Distribution of goods in INC event turns into chaos
MANILA, Philippines — The distribution of “goodwill bags,” which is part of the medical and charity mission of the Iglesia ni Cristo (INC), turned chaotic Monday night as people rushed and fought over the relief packs being given away by the influential religious sect.
Around 7:30 p.m., control over the crowd broke down as hundreds of people pushed and shoved against each other to get a bag of relief goods being distributed at the Liwasang Bonifacio in front of the Philippine Post Office.
Many of those who joined in the rush of people were women, children, and the elderly.
Chief Superintendent Mannan Muarip, commanding officer of the police force posted at the Liwasang Bonifacio, said the police did not lack in crowd control and that the number of people was just overwhelming.
“The number of people who came is just too many,” Muarip said.
“It was also getting late so people thought that they will not be able to get any of the relief goods being given [away] by the INC that’s why they reacted that way,” he said.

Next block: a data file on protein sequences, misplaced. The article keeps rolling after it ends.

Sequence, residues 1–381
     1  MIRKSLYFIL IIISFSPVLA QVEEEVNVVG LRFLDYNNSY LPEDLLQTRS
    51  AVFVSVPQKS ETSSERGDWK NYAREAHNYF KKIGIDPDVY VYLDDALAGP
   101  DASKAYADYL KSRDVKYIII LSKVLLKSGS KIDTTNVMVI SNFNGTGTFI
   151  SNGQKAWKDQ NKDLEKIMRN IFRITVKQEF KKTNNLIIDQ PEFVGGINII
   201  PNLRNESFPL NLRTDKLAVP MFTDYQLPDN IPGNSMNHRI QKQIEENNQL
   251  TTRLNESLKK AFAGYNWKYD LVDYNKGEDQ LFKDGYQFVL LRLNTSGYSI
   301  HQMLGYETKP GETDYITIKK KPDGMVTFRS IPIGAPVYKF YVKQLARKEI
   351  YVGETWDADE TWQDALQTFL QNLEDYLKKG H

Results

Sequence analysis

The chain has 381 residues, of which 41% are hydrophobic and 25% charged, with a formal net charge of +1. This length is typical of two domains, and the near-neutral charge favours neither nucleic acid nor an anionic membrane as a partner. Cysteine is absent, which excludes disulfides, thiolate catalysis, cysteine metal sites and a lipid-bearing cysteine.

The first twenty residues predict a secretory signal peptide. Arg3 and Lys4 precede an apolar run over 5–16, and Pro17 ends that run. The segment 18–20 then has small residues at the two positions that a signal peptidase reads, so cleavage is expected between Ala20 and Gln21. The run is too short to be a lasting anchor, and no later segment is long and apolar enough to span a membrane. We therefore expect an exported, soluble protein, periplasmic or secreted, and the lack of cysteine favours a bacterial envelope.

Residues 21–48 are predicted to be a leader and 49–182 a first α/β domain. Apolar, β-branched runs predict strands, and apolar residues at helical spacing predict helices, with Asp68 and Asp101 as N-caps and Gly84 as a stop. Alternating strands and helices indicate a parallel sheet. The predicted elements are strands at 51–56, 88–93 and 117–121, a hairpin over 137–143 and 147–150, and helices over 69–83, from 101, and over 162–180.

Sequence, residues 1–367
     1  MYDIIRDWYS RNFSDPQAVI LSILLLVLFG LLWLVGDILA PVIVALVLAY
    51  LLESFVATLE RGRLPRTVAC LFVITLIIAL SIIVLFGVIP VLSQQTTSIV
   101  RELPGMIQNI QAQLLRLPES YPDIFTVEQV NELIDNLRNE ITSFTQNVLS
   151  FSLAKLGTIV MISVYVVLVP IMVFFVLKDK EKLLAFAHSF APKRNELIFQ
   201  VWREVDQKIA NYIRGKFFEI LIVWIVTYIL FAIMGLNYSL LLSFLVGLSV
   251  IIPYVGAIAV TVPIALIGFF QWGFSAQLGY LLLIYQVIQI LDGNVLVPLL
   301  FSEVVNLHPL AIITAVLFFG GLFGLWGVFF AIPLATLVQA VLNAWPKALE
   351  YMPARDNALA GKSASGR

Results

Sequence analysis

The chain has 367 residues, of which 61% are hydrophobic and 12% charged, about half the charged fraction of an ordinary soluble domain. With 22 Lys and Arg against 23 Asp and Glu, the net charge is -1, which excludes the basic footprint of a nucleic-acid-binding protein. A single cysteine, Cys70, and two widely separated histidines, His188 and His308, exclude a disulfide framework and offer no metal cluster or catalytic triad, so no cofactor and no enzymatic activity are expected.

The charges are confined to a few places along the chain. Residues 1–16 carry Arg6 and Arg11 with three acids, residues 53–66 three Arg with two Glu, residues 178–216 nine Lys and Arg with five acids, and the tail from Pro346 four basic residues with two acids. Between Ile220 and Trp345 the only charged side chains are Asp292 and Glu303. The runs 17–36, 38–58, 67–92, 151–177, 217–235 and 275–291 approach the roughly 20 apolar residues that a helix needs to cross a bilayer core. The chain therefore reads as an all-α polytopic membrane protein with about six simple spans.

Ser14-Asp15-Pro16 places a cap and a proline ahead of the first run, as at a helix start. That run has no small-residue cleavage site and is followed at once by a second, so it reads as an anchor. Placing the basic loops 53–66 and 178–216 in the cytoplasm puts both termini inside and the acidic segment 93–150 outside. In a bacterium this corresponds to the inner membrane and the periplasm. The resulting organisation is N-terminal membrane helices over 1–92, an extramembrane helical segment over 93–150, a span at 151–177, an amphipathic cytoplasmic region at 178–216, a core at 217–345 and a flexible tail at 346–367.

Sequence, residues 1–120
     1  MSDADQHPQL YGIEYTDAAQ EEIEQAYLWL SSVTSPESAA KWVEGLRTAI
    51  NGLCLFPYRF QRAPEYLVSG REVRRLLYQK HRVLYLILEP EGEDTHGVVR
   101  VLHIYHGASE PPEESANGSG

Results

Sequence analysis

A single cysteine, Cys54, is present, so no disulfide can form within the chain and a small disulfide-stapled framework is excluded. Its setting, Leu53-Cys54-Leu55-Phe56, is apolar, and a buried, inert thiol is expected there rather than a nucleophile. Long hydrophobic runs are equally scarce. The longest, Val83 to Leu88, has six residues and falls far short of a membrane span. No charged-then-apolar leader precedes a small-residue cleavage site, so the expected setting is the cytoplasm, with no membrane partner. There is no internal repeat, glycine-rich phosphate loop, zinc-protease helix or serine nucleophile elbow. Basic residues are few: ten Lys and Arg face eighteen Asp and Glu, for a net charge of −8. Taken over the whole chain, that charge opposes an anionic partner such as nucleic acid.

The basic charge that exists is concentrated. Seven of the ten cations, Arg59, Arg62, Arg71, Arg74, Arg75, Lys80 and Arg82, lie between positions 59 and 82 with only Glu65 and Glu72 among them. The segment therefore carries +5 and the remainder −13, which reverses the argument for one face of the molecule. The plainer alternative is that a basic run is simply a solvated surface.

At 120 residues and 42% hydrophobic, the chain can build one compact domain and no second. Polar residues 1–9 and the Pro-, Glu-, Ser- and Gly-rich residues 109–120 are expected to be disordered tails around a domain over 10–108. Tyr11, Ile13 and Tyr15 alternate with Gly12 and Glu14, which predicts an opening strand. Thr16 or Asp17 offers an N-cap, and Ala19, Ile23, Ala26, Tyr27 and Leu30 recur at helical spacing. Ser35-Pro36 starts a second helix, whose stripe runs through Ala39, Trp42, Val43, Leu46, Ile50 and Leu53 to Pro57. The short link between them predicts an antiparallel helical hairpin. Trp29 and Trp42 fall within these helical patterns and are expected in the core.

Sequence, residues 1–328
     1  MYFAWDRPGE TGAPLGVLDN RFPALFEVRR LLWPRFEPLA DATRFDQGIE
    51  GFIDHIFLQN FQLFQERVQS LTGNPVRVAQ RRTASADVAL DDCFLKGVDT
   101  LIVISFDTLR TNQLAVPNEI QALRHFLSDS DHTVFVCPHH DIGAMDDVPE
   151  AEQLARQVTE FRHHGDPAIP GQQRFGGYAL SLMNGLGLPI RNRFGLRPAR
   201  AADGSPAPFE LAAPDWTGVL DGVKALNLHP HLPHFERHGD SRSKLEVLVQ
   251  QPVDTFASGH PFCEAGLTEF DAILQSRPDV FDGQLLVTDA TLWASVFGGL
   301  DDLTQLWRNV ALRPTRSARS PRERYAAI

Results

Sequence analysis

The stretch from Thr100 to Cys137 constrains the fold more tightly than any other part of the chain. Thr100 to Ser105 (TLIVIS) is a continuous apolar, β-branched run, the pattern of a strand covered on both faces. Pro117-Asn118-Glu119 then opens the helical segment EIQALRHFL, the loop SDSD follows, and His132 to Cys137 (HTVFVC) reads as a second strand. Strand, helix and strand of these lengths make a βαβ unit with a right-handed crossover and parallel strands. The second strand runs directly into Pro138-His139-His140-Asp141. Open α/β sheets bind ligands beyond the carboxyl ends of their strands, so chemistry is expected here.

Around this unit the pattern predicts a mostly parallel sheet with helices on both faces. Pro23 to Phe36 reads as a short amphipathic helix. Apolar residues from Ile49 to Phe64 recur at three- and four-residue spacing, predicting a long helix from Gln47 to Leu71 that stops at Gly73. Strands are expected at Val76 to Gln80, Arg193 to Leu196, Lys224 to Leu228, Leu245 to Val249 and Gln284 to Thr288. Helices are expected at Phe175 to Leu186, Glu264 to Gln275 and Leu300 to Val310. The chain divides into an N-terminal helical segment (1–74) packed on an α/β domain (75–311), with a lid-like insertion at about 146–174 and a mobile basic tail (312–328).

The commotion began around 5:30 p.m. when a deluge of people tried to push through to get ahead of the long line to the tent where the relief goods were being distributed.
Event marshalls tried to push back the large crowd and called on them to calm down because there were still enough goods for everybody.
Police then came in to assist in re-establishing an orderly line but could not gain control as those who had already received a bag of goods came back in line again to get some more.
At least three people, two adult females and one teen-aged girl, were seen being taken out of the densely packed crowd after they had collapsed. Police were left to attend to them as no medical personnel could be seen in the area.
Security personnel also had to take out of the crowd children and infants that were brought along by their parents to prevent them from being hurt.
“Perhaps that is unavoidable because many of the people who came here are from depressed areas and they saw it as their chance to get their food so they seized the opportunity and came [back] again and again,” Muarip said.
He admitted that people who kept coming back could have been a factor why the crowd went out of control but added that “in general it was okay.”
“We managed to fix [the crowd] so after they saw that there were no more goods left, they dispersed voluntarily,” Muarip said.
Aside from Liwasang Bonifacio, other distribution centers were also set up on Claro M. Recto Avenue and beside the Quiapo Church in Manila for the INC’s series of evangelical missions.
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